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the Complete Review
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On Wooden Tablets:
Apronenia Avitia

Pascal Quignard

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Title: On Wooden Tablets: Apronenia Avitia
Author: Pascal Quignard
Genre: Novel
Written: 1984 (Eng. 2001)
Length: 107 pages
Original in: French
Availability: On Wooden Tablets: Apronenia Avitia - US
On Wooden Tablets: Apronenia Avitia - UK
On Wooden Tablets: Apronenia Avitia - Canada
Les tablettes de buis d'Apronenia Avitia - France
  • French title: Les tablettes de buis d'Apronenia Avitia
  • Translated by Bruce X.

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Our Assessment:

B+ : odd, but has a certain charm

See our review for fuller assessment.

The complete review's Review:

       On Wooden Tablets: Apronenia Avitia purports to be a collection of notes -- a sort of daybook -- written on wooden tablets (buxi) by a fairly wealthy Roman woman named Apronenia Avitia around 400 A.D. It also includes an introductory section on the "Life of Apronenia Avitia", fabricating a convincing biography and providing some background for her writings..
       Apronenia's writings are presented in eight chapters, a total of 183 generally very brief entries (only a handful are as long as a page or so in length). A few episodes are related, as are some anecdotes, dreams, and simple observations, but most of the entries are little more than jottings. There are numerous entries with headings such as:

  • Things Not to Forget
  • Things to Remember
  • Things to Do
       Among the oddest is the often repeated Bags of Gold -- the entry in full generally then reading: "24 bags of gold".
       Apronenia lists everything from things she likes and dislikes to things people have said to thoughts about orifices. As she ages -- born in 343, these wooden-tablet writings date from between 395 and 414 -- decrepitude and death concern her more.
       As the introductory section notes, Apronenia witnessed the rapid rise of Christianity in Rome (and the concomitant collapse of empire) -- but she chooses not to even mention it by name in her jottings. History and all the change around her is not directly recorded, but does cast a shadow over many of the entries. It is only in the introduction that the circumstances are fully explored. Quignard writes of what Volusianus wrote to his niece, how: "Since Christianity has triumphed, life is less cheerful", and:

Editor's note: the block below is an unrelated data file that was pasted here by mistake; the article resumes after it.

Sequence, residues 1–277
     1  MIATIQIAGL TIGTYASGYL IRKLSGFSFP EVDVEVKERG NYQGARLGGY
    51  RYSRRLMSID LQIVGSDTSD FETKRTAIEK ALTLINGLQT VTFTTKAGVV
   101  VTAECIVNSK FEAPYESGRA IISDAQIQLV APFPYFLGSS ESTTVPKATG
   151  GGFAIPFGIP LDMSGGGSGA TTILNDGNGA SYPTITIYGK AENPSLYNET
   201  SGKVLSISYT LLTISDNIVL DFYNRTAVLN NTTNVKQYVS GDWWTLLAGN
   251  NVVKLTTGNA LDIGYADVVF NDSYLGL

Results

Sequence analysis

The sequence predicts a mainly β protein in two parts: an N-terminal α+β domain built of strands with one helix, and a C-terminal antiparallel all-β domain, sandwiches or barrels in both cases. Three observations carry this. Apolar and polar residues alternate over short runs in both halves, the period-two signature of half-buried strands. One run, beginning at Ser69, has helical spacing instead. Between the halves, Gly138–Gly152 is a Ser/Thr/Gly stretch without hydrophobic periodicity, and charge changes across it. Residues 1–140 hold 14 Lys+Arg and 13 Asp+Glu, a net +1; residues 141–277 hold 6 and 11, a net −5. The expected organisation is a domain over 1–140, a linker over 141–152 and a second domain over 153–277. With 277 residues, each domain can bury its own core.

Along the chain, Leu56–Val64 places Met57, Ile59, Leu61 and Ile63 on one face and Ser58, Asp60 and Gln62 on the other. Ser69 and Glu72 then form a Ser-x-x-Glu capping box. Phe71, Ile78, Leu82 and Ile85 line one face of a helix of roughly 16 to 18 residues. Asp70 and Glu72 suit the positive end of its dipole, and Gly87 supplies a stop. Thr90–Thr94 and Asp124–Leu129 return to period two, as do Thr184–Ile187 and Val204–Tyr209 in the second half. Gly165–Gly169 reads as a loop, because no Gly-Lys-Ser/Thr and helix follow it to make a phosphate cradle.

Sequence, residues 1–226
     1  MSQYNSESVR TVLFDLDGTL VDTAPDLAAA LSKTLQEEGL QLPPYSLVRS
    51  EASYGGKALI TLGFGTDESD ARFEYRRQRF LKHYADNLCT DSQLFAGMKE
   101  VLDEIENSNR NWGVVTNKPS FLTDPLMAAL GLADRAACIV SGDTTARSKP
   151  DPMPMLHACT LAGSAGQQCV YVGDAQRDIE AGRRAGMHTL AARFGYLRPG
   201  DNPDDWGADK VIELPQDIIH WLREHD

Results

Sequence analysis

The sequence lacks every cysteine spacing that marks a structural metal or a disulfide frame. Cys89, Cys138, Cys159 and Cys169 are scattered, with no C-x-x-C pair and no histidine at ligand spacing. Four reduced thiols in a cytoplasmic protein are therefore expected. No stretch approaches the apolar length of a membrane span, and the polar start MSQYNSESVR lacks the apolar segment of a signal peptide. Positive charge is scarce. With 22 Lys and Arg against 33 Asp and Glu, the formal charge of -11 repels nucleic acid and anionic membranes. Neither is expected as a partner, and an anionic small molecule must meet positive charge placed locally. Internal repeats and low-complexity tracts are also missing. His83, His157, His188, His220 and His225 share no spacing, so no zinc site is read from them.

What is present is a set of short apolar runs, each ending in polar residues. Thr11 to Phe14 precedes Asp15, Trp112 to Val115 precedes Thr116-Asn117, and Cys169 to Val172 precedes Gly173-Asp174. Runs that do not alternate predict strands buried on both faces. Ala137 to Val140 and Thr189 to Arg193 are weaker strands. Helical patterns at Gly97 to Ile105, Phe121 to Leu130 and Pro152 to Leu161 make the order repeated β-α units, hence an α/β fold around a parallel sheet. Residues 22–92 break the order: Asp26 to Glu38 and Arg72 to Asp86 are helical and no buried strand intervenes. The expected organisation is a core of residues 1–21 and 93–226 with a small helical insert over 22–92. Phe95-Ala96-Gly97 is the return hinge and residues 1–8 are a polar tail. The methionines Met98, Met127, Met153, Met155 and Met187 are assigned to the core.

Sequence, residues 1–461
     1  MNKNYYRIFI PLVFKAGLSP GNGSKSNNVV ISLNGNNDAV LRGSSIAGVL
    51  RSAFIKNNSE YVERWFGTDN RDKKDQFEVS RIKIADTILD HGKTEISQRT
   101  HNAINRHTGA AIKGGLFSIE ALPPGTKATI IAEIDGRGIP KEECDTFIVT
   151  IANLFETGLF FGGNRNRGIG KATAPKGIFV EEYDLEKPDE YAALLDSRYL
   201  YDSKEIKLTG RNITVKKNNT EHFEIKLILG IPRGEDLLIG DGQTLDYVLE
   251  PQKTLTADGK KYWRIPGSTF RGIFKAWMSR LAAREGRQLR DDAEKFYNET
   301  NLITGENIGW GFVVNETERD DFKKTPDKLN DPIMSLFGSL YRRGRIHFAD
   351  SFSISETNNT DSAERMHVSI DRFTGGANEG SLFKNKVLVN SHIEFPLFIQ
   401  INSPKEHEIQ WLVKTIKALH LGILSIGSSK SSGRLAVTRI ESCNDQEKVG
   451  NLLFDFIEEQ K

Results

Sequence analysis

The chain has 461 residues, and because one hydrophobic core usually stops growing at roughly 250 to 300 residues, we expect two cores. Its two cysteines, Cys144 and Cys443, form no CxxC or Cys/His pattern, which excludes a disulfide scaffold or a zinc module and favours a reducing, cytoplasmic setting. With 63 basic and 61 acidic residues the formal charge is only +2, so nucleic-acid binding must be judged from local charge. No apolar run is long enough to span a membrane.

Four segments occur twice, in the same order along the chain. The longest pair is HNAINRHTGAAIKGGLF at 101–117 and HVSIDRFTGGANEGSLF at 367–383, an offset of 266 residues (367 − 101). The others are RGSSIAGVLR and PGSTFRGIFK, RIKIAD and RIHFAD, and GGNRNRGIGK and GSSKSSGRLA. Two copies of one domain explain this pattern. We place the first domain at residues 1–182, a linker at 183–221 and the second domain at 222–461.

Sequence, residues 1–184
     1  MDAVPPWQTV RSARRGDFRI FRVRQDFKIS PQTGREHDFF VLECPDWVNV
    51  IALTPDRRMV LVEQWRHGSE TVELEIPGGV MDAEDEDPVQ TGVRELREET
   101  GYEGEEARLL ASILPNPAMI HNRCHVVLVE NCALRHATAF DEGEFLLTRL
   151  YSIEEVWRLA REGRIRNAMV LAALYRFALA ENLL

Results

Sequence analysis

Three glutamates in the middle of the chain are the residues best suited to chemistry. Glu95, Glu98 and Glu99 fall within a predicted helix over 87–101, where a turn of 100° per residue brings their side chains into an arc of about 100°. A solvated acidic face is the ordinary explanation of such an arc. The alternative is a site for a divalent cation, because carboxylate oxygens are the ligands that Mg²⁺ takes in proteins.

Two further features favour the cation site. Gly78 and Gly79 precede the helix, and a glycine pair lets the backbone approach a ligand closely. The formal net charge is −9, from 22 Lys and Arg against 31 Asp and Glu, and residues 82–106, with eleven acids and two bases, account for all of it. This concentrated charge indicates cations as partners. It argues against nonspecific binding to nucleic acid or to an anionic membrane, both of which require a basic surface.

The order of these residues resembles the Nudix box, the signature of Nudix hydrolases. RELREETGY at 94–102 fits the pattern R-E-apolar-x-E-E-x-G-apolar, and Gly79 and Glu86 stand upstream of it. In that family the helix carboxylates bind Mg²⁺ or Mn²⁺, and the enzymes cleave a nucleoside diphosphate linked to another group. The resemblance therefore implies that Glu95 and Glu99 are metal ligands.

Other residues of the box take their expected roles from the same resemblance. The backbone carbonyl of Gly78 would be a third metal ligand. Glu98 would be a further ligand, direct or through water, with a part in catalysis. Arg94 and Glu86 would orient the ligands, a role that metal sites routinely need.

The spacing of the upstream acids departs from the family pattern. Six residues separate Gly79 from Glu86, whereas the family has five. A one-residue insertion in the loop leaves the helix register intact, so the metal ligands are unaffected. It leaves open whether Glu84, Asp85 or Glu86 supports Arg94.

Before the rise of the Christians, books were better written, life was more radiant, more desirable, dwellings larger and more splendid, joy more contagious, light more dazzling, sex-smells more exciting and funkier; even the sardines and grilled sausages had another taste. Since the promulgation of Honorius's Edict, the loss of Rome's gods, and the presence of the Goths, Rome is devastated; wine has turned to blood (...) art has disappeared, there are only ruins.
       Apronenia's notes are much more subtle, offering only up-close glimpses of details, the external decay overlapping with her own physical decline.

       On Wooden Tablets: Apronenia Avitia is an odd little book, the detailed and specific introduction standing in contrast to the vague jottings that are meant to be taken for Apronenia's writings. But Quignard is successful in evoking a character: there is enough here for the reader to feel s/he understands who Apronenia was and what her life was like -- and to also get a hint of what those times could have been like. The purpose of the exercise isn't entirely clear, but there is enough charm and cleverness to it -- and it's brief enough -- for it to intrigue.

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On Wooden Tablets: Apronenia Avitia: Reviews: Other books by Pascal Quignard under review: Other books of interest under review:
  • See Index of French literature at the complete review

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About the Author:

       French author Pascal Quignard was born 23 April 1948.

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